| By Billy Davis
He was garbage pickup when garbage pickup wasn’t cool, but longtime garbage man Conner Vick has ended his business after a quarter-decade of messy, personal work.
Vick, 74, stopped his private garbage pickup August 31, quitting after 23 years of pickup service.
The Panola County Board of Supervisors held a recessed meeting with Vick on Wednesday, September 14, where it heard him request "compensation" for delivering his customers to the county.
"I would like three months pay on each customer," Vick told supervisors.
Solid Waste manager Dean Joiner told supervisors Vick had 485 customers when he quit his service.
Vick said he charged $10.50 for customers 80 years and older and $11.50 for everybody else. Some lake customers who lived in weekend cabins got a half-rate on their service, he said.
If Vick gets his wish, a payment to him could be around $15,000 ? the cost of three months’ service at $10.50 each for 485 customers.
The supervisors took no action on the request, however, and District 4 Supervisor Jerry Perkins cautioned Vick that such a transaction is questionable under the law.
District 3 Supervisor Mack Benson told Vick the county doesn’t need to pay him for the customers since they need the service anyway.
"You can’t get anybody to buy (the business) from you?" Benson asked Vick.
"Do you want it?" Vick asked back.
"No sir, I do not," Benson said.
Vick told supervisors he stumbled into the business by accident when he was working under a clean-up contract at Sardis Lake. When he began hauling off garbage, word spread about "ol’ Vick" and his service.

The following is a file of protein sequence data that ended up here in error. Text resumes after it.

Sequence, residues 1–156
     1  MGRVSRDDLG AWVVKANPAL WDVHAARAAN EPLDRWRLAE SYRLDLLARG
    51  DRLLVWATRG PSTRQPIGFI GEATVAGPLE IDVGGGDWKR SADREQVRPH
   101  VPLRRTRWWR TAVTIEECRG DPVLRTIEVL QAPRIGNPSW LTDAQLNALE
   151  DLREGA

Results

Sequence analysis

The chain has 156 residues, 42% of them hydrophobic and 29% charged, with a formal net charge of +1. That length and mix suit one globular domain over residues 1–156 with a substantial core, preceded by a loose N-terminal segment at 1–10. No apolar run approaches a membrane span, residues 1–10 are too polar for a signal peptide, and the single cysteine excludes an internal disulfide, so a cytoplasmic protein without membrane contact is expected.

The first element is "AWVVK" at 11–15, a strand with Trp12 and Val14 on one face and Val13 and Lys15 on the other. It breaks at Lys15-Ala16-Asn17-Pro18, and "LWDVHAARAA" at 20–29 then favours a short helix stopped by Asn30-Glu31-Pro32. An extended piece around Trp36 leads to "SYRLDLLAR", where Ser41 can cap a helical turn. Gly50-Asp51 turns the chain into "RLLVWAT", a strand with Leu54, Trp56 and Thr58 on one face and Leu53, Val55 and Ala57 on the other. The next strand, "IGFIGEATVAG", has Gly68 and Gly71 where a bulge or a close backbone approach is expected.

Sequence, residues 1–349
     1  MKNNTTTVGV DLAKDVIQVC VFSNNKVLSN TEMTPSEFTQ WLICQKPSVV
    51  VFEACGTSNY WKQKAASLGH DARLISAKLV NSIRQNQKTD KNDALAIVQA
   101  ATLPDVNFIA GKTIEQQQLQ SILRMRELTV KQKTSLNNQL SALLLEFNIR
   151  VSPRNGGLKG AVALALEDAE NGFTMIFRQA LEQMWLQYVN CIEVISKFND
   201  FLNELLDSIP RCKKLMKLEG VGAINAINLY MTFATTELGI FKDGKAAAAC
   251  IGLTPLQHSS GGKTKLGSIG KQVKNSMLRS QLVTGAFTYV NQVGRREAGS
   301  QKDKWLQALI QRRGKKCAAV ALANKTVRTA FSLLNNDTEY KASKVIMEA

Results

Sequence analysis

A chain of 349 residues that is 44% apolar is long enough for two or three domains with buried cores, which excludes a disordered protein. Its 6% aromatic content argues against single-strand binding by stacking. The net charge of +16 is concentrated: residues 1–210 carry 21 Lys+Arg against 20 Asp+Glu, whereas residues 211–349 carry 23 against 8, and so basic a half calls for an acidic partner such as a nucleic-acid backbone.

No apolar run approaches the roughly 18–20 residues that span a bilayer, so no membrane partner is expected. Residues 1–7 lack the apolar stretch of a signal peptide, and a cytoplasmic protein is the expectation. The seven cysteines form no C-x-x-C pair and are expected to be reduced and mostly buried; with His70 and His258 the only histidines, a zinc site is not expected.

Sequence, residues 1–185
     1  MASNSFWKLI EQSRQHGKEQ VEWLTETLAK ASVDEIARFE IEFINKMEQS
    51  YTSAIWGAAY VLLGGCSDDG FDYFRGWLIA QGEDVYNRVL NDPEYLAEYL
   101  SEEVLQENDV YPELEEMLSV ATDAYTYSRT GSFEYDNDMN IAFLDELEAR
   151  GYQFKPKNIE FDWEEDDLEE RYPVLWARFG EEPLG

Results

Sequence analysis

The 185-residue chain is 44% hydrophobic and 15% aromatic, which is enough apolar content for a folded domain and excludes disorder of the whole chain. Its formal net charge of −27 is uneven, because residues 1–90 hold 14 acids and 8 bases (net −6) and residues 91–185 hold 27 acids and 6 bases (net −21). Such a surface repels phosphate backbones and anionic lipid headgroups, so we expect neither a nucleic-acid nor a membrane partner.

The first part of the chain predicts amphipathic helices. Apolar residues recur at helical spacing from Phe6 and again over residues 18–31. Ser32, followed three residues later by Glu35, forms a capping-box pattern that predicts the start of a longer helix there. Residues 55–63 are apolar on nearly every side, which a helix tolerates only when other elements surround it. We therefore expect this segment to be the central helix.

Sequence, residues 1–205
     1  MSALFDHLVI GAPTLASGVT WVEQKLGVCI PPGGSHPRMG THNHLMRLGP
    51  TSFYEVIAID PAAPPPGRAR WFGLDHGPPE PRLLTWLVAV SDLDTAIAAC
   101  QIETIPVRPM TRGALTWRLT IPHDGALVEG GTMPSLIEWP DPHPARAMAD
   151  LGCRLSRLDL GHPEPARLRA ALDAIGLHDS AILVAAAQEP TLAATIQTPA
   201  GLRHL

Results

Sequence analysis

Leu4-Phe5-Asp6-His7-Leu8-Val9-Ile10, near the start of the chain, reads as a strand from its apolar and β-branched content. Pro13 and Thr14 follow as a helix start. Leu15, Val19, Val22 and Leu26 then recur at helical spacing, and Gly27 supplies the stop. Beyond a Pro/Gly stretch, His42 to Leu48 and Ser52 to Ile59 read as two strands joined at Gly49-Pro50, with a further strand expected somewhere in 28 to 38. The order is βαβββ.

Although Vick’s garbage service was a mom and pop operation, he reminded supervisors Wednesday that he was first in the county to begin a pickup garbage service.
County supervisors at the time had yet to progress to a pickup service and instead allowed dumping all across the county. The county later moved to roadside dumpsters before bidding out the roadside service. The county solid waste department eventually took the place of the contracted business.
"The states made fun of our garbage when they saw what we were doing," Vick said. "I asked the county to furnish garbage cans but they wouldn’t do it."
Prior to his meeting with supervisors, Vick told The Panolian he was quitting due to his age and because he had trouble finding good workers.
"In years past I had workers stay 10 to 15 years," Vick said. "Now it’s hard to find good workers because those without a job don’t want to work."
In recent weeks, the county’s solid waste department has been scrambling to add Vick’s customers to the county’s pickup service, Joiner told The Panolian.
"We’re working as fast as we can. People are being patient with us," he said.
After Vick’s departure from the meeting, Joiner suggested that the county invest in a small vehicle that can retrieve cans in hard-to-reach areas where the trucks cannot venture.
The vehicle is called a "retriever satellite" and could fit on the body of a small pickup. It costs between $50,000 to $60,000, Dean said.
Dean also suggested to supervisors that the solid waste department begin taking off on holidays since their work on those days is confusing customers.
"The last two to three holidays we were working but people didn’t put out their cans," Joiner said.
The supervisors took the vehicle purchase and holiday suggestion under advisement..